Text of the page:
October 12, 2015, is Columbus Day in the United States. Over the years, more and more people have been wondering why we celebrate Columbus Day in the United States. It is clear that Christopher Columbus did not discover America, yet we celebrate as if he did. In fact, how could he have discovered a land where millions of people were already making a life for themselves? The indigenous people who lived in the areas that Christopher Columbus “discovered” had lived there for over 15,000 years before the birth of Columbus.
We also have learned that Columbus was not the kind person portrayed in history books. Why do we celebrate Columbus Day, and why is Columbus surrounded by controversy?
As a people, we are becoming more and more tolerant of other races and cultures. It is this tolerance that has forced us to take a hard look at the conquistador explorers like Columbus. Everyone knows the story by now.
“In fourteen hundred and ninety-two, Columbus sailed the ocean blue.”
Christopher Columbus was convinced that the Earth was round. Many in his day thought he was insane for his belief. Columbus felt that if he sailed west, he would reach the east and find a new trade route to India. Columbus set off on his voyage with the Nina, Pinta, and Santa Maria. When they came across land, Columbus believed he had found India and proved his case. What he found were the islands we now know are in the Carribean Sea. These islands were not uninhabited. The natives that Columbus came across were quickly taken as slaves or killed in a genocide by Columbus. Bartolomé de las Casas, a priest and contemporary of Columbus, kept a journal about his time with Columbus. One of the excerpts from his writings showed just how evil Christopher Columbus actually was.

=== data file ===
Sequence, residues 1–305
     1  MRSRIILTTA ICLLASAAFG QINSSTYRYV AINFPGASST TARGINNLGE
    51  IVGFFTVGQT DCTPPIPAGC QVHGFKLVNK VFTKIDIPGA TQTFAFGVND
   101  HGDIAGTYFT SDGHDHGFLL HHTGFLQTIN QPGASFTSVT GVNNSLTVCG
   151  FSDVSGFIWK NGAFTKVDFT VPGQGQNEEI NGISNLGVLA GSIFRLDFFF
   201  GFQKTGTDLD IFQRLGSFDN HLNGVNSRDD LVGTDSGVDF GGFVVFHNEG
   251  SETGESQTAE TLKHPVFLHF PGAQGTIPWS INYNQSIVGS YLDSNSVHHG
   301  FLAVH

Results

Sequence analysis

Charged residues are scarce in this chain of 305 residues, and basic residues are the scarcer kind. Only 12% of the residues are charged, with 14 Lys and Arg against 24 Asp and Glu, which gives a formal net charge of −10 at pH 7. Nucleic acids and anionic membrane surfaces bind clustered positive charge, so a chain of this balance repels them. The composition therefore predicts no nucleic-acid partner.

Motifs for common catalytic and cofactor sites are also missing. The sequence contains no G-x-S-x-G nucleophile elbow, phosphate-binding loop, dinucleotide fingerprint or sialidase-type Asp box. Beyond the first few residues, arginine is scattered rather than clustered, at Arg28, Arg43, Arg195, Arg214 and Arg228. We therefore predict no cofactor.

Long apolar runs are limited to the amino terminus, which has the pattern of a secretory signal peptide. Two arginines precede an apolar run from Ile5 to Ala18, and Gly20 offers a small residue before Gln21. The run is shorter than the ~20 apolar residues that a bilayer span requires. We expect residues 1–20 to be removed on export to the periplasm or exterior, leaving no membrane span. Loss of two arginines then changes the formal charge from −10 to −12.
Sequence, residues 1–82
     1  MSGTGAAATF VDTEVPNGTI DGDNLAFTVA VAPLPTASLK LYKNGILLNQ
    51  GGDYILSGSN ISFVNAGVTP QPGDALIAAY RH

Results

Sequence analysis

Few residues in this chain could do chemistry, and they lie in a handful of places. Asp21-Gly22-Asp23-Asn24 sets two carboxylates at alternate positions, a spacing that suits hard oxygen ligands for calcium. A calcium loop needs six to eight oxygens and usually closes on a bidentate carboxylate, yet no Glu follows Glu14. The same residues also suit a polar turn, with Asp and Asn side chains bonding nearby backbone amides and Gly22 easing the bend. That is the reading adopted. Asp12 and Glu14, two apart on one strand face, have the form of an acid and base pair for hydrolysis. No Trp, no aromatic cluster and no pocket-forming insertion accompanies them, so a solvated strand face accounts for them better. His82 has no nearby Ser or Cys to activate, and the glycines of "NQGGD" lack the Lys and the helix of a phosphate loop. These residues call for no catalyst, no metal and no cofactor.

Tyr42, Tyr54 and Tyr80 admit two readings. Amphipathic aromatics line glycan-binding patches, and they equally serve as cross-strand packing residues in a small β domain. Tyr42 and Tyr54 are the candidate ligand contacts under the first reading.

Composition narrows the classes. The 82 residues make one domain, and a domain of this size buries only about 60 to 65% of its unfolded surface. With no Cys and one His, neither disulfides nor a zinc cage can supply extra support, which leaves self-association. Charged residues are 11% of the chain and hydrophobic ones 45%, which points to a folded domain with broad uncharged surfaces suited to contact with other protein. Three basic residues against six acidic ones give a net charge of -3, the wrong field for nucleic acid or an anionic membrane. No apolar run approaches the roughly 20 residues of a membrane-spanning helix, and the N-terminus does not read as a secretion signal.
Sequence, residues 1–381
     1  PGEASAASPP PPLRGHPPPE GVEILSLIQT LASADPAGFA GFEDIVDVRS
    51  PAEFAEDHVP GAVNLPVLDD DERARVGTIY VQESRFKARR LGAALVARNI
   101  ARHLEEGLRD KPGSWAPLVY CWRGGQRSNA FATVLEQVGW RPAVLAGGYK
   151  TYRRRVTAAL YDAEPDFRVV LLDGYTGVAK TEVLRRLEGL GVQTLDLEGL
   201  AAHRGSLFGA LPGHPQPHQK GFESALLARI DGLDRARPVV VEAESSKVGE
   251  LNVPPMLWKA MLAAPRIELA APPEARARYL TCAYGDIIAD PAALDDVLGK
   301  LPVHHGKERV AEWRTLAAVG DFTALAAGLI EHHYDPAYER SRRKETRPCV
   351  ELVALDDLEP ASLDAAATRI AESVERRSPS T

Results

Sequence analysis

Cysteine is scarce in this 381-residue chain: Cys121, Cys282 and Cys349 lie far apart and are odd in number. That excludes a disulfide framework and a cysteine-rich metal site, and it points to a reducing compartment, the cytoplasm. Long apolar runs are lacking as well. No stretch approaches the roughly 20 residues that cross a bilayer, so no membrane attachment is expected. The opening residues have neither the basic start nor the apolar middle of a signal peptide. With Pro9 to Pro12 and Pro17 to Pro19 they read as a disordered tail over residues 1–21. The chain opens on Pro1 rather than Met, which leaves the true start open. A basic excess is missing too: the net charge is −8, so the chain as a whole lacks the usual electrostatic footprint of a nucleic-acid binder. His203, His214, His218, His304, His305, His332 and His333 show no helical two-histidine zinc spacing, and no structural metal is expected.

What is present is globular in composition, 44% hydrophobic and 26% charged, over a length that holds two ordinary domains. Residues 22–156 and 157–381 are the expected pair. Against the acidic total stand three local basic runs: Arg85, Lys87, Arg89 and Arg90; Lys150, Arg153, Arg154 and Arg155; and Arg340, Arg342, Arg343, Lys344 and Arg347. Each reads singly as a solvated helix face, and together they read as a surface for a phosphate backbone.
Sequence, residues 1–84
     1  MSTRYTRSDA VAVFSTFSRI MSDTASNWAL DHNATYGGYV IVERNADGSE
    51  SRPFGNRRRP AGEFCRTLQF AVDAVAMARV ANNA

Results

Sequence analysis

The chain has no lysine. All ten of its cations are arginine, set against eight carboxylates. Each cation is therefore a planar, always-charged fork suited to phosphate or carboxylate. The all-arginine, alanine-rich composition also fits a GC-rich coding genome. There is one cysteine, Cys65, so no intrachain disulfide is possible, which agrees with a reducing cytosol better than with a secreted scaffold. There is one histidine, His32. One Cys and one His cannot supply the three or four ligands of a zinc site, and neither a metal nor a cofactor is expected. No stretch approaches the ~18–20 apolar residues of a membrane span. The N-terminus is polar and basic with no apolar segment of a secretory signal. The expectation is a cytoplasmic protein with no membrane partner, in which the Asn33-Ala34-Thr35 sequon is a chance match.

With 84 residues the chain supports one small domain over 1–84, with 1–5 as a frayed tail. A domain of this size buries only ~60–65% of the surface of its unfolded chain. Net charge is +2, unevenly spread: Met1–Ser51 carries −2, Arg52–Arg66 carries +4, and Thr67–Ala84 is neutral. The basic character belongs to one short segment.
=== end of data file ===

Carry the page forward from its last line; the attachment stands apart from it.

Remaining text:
“While I was in Cuba, 7,000 children died in three months. Some mothers even drowned their babies from sheer desperation… in this way, husbands died in the mines, wives died at work, and children died from lack of milk.”
Historian William Fowler believes that Columbus himself should not be blamed for the crimes he committed against the natives he slaughtered. His contention is that Columbus was a product of the times in which he lived. During the age of exploration, European explorers believed they had the right to do whatever they wanted to when they “discovered” a new part of Earth.
“I think, as we reflect on that and the cost to native peoples here in this world, the damage that was done, I think that sort of mellows the way we might be thinking about Columbus, not suggesting we blame him individually. I don’t think that’s correct. He was a man of his times. But there was great evil that was done when the Europeans came. Today, perhaps, we think of discovery. We might also think of the word, invasion, and the result of that. Much good has happened, clearly, but much evil happened, as well.”
Will we see a time in the future in which Columbus Day is removed from the calendar? Will that day be replaced with a name of another person who did positive things in the world so we can celebrate that person? The debate rages every year from people who are on both sides of the issue. Both groups have valid arguments, but it seems the tide is turning towards getting rid of Columbus Day.
What are your thoughts on Columbus Day? Do you think Christopher Columbus should be celebrated or vilified?
[Images via Serialoptimist.com/Totallyhistory.com/Oceanexplorer.noaa.gov]